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Carotenoid esterification: a key factor in the expression of carotenoid-based ornaments?

Carotenoid-based colorations are a paradigm among signals of quality in animals. Despite the great interest on carotenoid-based ornamental colorations, there are many aspects of carotenoid metabolism, transformation and deposition in teguments that remain unsolved. One of these understudied topics is the fact that, in contrast to metabolically inert tissues like feathers that accumulate only free forms of carotenoids, living tissues (skin, scales, beaks) accumulate esterified carotenoids, that is, carotenoids combined with fatty acids. However, most studies quantifying carotenoid levels in these tissues perform a saponification step that eliminates these free acids, thus preventing the separate quantification of free and esterified forms of each carotenoid present in the tissue. In a recent studied published in Physiological and Biochemical Zoology we analyze the free and esterified forms of the carotenoids pigmenting the beak, legs and eye rings of wild and captive red-legged partridges (Alectoris rufa). We found that 80% of carotenoids in these tissues are esterified, and for some ornaments the amount of carotenoid esters was a better predictor of ornament coloration than free or total carotenoids. The function of carotenoid esters is far from clear. We hypothesize that carotenoid esterification may contribute to pigment stability, thus contributing to color expression. It is also possible that carotenoid esters may play a significant role in carotenoid mobilization, taking part in the dynamism of the colour of these living tissues.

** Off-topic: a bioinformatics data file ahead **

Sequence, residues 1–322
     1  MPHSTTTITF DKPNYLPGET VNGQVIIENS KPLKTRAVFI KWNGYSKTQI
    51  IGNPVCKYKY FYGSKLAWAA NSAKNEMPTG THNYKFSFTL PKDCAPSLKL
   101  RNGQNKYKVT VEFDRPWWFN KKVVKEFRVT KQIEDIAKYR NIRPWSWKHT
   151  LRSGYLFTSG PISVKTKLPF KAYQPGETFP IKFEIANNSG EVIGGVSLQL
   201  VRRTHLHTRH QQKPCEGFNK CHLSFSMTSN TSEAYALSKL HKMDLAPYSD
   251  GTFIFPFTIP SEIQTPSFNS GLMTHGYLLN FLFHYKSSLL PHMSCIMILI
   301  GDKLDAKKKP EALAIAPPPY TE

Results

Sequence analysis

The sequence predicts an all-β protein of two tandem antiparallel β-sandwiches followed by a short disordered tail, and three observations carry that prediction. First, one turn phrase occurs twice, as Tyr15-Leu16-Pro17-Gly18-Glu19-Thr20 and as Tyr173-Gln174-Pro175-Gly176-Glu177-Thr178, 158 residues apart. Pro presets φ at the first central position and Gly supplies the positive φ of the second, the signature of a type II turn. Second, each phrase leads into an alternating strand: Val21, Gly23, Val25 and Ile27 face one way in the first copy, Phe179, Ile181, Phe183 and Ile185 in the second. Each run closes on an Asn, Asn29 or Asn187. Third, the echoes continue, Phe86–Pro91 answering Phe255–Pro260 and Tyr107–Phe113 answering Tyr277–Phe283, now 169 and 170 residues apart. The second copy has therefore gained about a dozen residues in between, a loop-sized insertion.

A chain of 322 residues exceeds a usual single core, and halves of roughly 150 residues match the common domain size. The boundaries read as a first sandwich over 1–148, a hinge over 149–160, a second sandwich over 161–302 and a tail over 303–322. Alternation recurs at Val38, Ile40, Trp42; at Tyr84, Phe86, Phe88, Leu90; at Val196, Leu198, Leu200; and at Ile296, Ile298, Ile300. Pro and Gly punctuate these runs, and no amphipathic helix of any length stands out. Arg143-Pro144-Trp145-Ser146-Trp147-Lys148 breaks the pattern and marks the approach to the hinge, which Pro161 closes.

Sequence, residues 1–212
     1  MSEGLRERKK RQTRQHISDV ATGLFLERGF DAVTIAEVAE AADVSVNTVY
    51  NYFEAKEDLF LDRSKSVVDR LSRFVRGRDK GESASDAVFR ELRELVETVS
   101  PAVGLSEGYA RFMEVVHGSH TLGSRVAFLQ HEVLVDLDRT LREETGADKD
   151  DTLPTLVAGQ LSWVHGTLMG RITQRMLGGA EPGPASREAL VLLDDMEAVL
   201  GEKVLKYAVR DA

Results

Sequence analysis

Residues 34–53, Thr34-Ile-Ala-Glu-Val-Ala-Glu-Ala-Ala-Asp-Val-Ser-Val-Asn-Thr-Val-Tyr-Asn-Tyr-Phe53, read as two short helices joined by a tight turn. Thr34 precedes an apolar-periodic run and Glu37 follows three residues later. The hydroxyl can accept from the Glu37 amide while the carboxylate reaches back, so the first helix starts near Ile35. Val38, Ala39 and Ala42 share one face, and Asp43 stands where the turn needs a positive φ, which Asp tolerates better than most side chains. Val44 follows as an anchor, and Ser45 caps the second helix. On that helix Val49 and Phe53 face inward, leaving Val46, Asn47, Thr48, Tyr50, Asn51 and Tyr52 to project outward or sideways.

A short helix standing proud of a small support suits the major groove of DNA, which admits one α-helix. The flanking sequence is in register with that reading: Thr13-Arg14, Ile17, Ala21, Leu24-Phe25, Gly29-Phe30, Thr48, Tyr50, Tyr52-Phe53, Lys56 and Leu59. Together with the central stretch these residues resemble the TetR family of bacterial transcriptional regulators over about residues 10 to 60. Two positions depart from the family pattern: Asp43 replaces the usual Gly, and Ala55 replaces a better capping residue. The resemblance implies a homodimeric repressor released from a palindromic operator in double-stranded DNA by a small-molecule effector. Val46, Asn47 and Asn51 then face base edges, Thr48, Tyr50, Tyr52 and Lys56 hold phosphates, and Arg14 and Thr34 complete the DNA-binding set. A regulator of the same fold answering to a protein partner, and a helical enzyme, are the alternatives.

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  • Carotenoid(ester)-based ornaments in the head of a partridge
  • Typical cromatogram of the ornaments of red-legged partridges
  • The study species, the red-legged partridge (Alectoris rufa)